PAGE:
A Crash course in GIS¶
If you are an expert in GIS, you can skim this section. However, do not completely skip it, as we have included here a number of tips and tricks with GIS, that will save you a lot or time and effort when creating new meshes.
The GIS software we have used in this section is QGIS, because it is open-source and free, thus it is accesible to everyone. However, the concepts are applicable to any GIS suite. Indeed, the two most fundamental datatypes in GIS are vector and raster data, and their correspondence to mesh-generator data-structures was discussed in the Introduction and in [qmesh:2018].
Lets examine an example of each data-structure. Create a folder for the purpose of this example, named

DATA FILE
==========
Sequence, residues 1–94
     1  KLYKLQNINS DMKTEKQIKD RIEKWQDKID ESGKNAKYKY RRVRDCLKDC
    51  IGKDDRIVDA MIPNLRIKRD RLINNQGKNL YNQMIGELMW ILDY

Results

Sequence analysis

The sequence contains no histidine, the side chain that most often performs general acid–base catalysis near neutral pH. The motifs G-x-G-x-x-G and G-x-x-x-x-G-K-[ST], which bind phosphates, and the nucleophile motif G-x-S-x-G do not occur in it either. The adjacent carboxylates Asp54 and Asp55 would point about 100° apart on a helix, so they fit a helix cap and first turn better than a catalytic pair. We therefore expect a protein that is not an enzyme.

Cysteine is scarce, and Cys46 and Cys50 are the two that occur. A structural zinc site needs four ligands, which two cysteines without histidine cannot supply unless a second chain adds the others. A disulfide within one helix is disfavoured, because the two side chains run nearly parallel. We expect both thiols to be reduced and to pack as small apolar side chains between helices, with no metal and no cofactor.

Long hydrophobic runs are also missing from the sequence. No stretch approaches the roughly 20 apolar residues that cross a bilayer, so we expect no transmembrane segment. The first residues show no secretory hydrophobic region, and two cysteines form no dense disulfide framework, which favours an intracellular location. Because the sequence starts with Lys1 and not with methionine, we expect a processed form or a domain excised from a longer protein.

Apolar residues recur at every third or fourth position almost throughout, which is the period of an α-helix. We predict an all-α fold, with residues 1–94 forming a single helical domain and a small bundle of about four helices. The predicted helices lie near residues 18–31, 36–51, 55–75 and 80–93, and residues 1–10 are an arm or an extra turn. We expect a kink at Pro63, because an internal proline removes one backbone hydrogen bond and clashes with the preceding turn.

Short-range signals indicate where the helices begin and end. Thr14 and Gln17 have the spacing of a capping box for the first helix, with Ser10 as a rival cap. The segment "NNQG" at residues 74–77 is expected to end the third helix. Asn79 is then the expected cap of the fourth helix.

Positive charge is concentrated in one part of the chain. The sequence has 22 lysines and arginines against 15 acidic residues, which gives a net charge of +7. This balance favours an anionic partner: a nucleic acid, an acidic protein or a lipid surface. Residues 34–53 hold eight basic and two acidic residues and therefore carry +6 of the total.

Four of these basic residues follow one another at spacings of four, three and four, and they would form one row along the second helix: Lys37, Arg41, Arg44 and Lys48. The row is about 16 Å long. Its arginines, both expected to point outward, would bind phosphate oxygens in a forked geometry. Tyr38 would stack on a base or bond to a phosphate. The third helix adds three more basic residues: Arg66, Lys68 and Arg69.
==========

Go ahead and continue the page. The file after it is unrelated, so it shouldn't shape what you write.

GIS_crash_course and inside that place the following two files:
- The filtered and subsampled GEBCO global bathymetry, which you can download from `figshare <>`_.
This is an example of a raster file, where the global bathymetry and topography is represented as data over a regular grid: a number of points along the two geodetic coordinates, longitude and latitude define “pixels” and values attached to each of these points give the value of the elevation at that point.
- The global 0-meter elevation contour, which you can download from `figshare <>`_.
This is an example of a vector file, where a sequence of points defines a line.
Place both files inside the
GIS_crash_course folder, and open QGIS. You should have a window similar to Fig. 2, below.
Lets examine the major areas and tools highlighted in figure Fig. 2, starting with the canvas, and layers windows.
Each vector or raster file is represented in GIS as a separate layer.
The purpose of the canvas is to overlay all layers, and facilitate contextual comparison and editing of the layers.
Lets add the files we downloaded to see how the canvas and layers windows change.
You can add the bathymetry via the
Add Raster Layer button, also highlighted in Fig. 2.